Caroline Lucas: The Lib Dems' green policies are wilting

A reply to Nick Clegg's claim in the IoS that his is the eco-party

Share
Related Topics

Cross-dressing seems to be this season's political fashion. While the Tories are courting the Lib Dems (with "scarcely a cigarette paper" to slip between them, according to David Cameron), the Lib Dems are showing a bit of ankle to potential Green voters. But whereas Nick Clegg's recent overtures in this direction might reflect the growing threat we pose to his party, they don't reflect any real meeting of minds in terms of a common agenda.

In their recent rhetoric, the Lib Dems appear to want to emulate the Green Party. And over the years their official policy has clearly followed that of the Greens in a number of respects. But the Lib Dems' practical track record is something else altogether. Historically, this is a party that has been characterised by what you might call "consistent inconsistency" – saying one thing and doing another, and following different policies in different places regardless of their supposed principles.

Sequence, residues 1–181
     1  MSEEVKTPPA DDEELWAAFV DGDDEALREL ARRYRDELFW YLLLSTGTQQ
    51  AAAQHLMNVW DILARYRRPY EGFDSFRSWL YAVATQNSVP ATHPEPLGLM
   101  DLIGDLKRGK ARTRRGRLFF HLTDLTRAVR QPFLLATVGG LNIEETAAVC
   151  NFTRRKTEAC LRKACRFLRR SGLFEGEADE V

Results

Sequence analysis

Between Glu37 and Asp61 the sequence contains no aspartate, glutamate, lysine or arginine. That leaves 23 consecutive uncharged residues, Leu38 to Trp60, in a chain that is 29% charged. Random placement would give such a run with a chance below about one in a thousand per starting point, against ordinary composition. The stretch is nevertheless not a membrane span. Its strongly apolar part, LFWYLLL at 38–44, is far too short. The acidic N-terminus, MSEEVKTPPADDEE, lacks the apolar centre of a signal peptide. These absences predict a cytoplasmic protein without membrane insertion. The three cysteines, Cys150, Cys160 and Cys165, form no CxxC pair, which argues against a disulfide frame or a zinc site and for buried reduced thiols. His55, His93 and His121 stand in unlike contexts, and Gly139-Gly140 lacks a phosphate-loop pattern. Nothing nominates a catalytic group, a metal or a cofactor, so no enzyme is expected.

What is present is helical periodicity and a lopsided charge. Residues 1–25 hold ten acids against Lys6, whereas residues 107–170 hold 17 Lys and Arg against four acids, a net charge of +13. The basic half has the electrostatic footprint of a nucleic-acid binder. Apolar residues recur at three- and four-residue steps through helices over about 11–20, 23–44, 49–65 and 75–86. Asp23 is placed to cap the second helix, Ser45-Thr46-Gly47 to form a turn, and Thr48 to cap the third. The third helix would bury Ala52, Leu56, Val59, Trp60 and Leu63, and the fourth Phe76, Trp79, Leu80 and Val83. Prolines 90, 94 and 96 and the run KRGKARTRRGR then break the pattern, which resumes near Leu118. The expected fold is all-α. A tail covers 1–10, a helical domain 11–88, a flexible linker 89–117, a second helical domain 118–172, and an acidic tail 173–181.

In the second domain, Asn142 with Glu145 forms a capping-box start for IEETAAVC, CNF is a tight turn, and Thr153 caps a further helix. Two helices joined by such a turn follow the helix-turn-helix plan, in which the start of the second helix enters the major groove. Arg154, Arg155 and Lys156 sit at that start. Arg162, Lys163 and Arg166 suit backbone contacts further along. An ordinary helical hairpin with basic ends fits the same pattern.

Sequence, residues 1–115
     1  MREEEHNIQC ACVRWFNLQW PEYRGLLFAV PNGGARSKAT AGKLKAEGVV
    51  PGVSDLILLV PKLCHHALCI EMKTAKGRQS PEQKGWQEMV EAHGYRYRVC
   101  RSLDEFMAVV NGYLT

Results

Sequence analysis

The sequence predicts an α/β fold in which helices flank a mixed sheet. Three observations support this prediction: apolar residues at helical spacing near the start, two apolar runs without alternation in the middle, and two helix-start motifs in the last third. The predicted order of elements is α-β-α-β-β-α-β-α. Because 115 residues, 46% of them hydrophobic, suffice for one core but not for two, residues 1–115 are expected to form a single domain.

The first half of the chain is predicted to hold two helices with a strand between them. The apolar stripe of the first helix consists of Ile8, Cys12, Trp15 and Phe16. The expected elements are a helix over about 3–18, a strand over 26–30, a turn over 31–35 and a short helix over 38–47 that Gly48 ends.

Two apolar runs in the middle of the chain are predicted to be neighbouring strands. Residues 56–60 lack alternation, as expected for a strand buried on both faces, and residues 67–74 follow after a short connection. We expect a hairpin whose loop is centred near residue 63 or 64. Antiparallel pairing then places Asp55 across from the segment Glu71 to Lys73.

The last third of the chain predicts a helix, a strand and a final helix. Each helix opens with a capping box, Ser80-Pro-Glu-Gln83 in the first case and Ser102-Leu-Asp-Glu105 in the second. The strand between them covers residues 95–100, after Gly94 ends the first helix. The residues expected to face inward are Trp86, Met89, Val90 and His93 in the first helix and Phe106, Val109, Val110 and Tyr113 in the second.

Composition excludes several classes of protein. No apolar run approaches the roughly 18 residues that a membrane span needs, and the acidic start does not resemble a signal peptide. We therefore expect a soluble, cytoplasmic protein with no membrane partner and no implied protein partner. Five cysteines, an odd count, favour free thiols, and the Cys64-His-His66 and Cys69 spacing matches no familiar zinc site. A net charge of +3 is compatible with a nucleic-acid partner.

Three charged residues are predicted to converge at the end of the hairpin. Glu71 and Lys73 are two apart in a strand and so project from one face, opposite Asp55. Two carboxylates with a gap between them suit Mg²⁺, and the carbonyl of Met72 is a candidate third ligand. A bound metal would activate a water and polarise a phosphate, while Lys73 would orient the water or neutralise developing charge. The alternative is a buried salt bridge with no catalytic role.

Take roadbuilding as an example. Back in the early Nineties, the Lib Dems called for a moratorium on new roads, and today Norman Baker is saying that a Lib Dem government would halt spending on roadbuilding. The rhetoric may have been consistently green but the practice, with equal consistency, hasn't been. From the Newbury bypass and the Batheaston bypass, right up to the M74 extension and the Lancaster northern bypass, you'd be hard pressed to find a major road scheme in the past 20 years that the local Lib Dem MP or councillors haven't supported.

With aviation, the Lib Dems are inconsistent in a different way. They opposed the expansion of Heathrow, but have been happy to support the expansion of Birmingham, Carlisle, Exeter, Liverpool and Norwich airports. They were wildly enthusiastic about Manchester airport's second runway – except for Lib Dems in Stockport, under the flightpath.